A Midsummer Night's Dream

Essay by PaperNerd ContributorHigh School, 12th grade September 2001

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Nowadays, people consider comedies to always be funny and happy-go-lucky, but true comedies aren't necessarily as simple as that. True comedies are much more complicated than the basic-plotted sit-coms we see on television. There are many elements to them and William Shakespeare seems to have mastered the art of comedy. Among the many comedies he has written, "A Midsummer Night's Dream" is definitely one of the least realistic, yet most entertaining of them all.

There is a basic outline and unities that comedies tend to follow: Off-stage action / long middle section / reconciliation Situation hostile confused identity love triumphs to love blockers in charge return to normalcy "A Midsummer Night's Dream" follows the preceding chart fairly well. This chart will be further explained in detail in chronological order.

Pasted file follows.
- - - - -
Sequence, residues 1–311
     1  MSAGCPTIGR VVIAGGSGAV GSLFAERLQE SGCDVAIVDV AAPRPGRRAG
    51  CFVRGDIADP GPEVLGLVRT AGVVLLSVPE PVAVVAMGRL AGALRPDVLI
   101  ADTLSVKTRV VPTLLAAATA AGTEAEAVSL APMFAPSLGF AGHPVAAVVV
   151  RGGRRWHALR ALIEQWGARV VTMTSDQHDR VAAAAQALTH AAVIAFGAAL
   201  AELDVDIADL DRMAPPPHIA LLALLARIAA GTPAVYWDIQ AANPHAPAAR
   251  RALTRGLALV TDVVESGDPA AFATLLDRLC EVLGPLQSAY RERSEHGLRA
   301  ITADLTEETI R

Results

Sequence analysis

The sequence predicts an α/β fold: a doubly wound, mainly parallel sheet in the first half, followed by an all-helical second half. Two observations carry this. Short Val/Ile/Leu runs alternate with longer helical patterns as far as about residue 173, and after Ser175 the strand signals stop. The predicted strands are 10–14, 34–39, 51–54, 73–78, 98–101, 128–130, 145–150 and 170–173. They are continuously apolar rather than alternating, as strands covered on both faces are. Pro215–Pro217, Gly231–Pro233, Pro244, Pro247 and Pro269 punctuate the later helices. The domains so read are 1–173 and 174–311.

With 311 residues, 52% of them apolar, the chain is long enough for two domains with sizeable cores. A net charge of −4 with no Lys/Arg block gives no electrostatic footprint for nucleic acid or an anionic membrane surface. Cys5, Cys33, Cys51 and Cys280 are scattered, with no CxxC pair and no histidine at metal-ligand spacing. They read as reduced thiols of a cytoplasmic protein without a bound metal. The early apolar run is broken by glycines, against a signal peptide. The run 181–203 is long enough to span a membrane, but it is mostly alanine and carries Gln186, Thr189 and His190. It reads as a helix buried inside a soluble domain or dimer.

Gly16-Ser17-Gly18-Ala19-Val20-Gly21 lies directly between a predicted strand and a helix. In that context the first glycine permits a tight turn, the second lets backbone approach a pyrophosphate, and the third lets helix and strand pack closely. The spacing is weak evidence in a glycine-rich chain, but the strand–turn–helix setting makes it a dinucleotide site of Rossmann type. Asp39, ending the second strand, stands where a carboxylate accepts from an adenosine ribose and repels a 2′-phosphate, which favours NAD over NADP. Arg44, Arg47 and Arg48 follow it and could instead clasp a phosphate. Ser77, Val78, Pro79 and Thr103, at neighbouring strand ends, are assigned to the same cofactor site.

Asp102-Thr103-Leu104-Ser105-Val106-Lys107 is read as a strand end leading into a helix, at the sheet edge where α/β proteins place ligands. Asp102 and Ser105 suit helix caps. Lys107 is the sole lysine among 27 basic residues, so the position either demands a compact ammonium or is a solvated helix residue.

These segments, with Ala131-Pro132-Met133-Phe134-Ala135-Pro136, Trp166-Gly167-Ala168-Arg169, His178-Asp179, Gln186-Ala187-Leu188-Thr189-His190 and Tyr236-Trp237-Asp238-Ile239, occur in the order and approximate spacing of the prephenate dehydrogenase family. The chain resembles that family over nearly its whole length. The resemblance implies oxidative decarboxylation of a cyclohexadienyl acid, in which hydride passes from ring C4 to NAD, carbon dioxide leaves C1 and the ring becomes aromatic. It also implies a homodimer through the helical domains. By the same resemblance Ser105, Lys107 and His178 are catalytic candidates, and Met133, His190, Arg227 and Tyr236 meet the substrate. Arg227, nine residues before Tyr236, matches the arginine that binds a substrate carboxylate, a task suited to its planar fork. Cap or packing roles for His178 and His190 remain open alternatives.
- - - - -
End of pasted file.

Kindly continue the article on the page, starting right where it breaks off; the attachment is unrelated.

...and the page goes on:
As all comedies go, "A Midsummer Night's Dream" begins in the middle of a situation that is very hostile to love.

Hermia and Lysander are deeply in love with one another and wish to be married. Egeus, Hermia's father, wishes for Hermia to marry Demetrius who had once loved Hermia's best friend Helena. The dilemma is brought to the attention of Duke Theseus, who just happens to be getting married in a few days to Amazon queen, Hippolyta. Theseus states that by law Hermia must do what her father says or she will be punished by death or nunnery. The young lovers are devastated. Demetrius also has feelings for Hermia, thus forming a love triangle. The love triangle is escalated to an even higher level by adding the element of Helena obsessing over Demetrius.

The true lovers plot to escape to the forest where they will flee from there to wed. Helena tells Demetrius and they track the lovers into the woods. Fairy King Oberon is disgusted...